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Nothing new out of Africa

Tanganyika groundnut scheme - Wikipedia, the free encyclopedia

The Tanganyika Groundnut Scheme was a plan to cultivate tracts of what is now Tanzania with peanuts. The project was a brainchild of the British Labour government of Clement Attlee. It was abandoned at considerable cost to the taxpayers after it was discovered that peanuts will not grow in Tanganyika.

Read the whole article, it isn't long, for how disaster followed disaster...

As The Tanganyikan Groundnuts Scheme says:

..based upon the official forecasts 4,000 tons of peanuts were purchased for seed in 1947 but only a fraction of this amount was actually planted. By the end of the second season's harvest, after two years of effort and 25 million had been expended, only 2,000 tons of peanuts had been harvested, 50 percent of what had been originally purchased as seed.

And the real problem was...

Alan Wood, himself a socialist, considered whether the project being a public enterprise rather than a private, profit-making endeavor had been the cause of the failure. He concluded that the principal decision-makers could not have worked any harder had their own capital been at stake. He knew from personal observation that they worked all of the time, from early morning until late at night. According to Wood,

"They worked too hard. They were themselves into such a state of weariness, fever and fret that they could not think ahead.....Too much has been written about the benefits of capitalism in providing the driving force of the profit motive. What is more difficult to replace is the function of the price mechanism in dividing up decisions among a large number of different people. The trouble was not that General Harrison was a stupid man or an incompetent man; He was plainly a man of great ability. The trouble was he carried a heavier burden than any man could bear." (Emphasis added.)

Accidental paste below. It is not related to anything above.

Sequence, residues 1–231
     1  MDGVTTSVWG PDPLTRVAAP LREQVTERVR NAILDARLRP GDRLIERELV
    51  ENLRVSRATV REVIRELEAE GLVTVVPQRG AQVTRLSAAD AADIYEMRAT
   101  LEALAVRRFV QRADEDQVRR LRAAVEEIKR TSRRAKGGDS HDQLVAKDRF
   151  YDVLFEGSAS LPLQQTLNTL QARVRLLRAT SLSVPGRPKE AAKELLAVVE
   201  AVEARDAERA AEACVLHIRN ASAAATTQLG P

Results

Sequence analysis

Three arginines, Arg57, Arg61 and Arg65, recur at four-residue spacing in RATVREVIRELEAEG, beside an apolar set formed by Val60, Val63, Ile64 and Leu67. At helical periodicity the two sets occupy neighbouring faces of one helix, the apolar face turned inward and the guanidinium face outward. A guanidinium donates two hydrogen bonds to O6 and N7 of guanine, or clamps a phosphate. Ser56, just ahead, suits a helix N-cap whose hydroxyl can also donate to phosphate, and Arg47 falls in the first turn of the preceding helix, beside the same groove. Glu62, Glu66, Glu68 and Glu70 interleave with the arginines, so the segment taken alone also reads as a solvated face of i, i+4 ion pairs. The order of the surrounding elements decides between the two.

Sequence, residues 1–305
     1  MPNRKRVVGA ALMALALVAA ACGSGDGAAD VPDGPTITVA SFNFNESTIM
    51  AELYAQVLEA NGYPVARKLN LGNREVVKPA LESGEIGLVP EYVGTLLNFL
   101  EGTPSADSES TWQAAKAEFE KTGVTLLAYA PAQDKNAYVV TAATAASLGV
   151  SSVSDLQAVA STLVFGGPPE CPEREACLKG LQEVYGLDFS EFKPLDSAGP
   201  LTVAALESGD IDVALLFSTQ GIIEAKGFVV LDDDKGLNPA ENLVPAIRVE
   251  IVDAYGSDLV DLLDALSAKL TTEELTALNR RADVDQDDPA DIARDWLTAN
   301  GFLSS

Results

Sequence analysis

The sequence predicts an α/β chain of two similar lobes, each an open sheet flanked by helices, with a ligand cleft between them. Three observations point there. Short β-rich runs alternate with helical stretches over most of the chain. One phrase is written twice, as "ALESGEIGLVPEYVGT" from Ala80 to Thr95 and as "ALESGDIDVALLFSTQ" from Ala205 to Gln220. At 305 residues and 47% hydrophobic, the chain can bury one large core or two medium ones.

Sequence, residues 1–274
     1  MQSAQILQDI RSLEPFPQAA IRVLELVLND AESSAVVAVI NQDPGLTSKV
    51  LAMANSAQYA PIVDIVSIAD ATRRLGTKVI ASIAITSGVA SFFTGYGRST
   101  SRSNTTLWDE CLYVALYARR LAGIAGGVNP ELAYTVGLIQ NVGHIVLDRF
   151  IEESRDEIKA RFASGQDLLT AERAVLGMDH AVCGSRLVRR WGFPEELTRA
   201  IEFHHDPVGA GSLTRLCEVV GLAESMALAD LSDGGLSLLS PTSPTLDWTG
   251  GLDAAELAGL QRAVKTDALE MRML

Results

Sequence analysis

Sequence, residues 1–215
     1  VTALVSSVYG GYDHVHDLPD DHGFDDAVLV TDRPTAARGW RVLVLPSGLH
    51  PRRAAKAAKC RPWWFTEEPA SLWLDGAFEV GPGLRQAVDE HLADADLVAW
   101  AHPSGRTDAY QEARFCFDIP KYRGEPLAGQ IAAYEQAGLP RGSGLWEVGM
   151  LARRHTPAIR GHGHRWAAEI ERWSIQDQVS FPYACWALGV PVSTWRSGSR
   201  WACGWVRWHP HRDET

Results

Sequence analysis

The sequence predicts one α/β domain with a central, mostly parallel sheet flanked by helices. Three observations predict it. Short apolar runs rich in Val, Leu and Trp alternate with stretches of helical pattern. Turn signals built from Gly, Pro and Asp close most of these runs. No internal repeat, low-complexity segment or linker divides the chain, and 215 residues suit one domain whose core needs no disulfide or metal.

What Wood fails to realize or admit is that it is not so much a matter of how long people work but how effectively. The profit motive not only induces people to put forth more effort but to utilize the resources under their command, including their own time, more efficiently. Personal financial responsibility forces managers to delegate authority when circumstances require.

I wonder how many of the socialist NGO's busy creating schemes today in Africa have ever studied this disaster?

Comments

A Soviet style project, with Soviet style results. Apart from the bit at the begining there is nothing in the report to suggest an actual problem with the soil.

Problems with logistics abound, caused it seems by a failure to follow simple guidelines such as check your infrastructure.

I loved the bit where the Colonial office sent out people to form a trade union and the workers then went on strike.

I was not so keen on the end, 49 million is a fair chunk today and in 1951 it would have been worth even more. It's the problem with government spending, all reports and boxes to tick on forms, but to hell with the results, if those responsible knew they would be held to account and made to pay back money squandered on stupidities such as projects like this we could probably halve our tax bill.

One difference between then and now. HMG's Colonial minister resigned as a result of the fiasco. What chances today with this collection of political limpets?

A freind of mine was telling me this story only yesterday. He was actually on the ships delivering the heavy Eqiptment to Dar-es-selam! to cut a long story short, they unloaded the tractors etc & returned to UK, to reload, when they returned to Africa, the stuff was still on the dock, rusting & looted! this at a time when UK farmers were crying out for new heavy agricultural machinery. When will a SOCIALIST gov ever learn???????????

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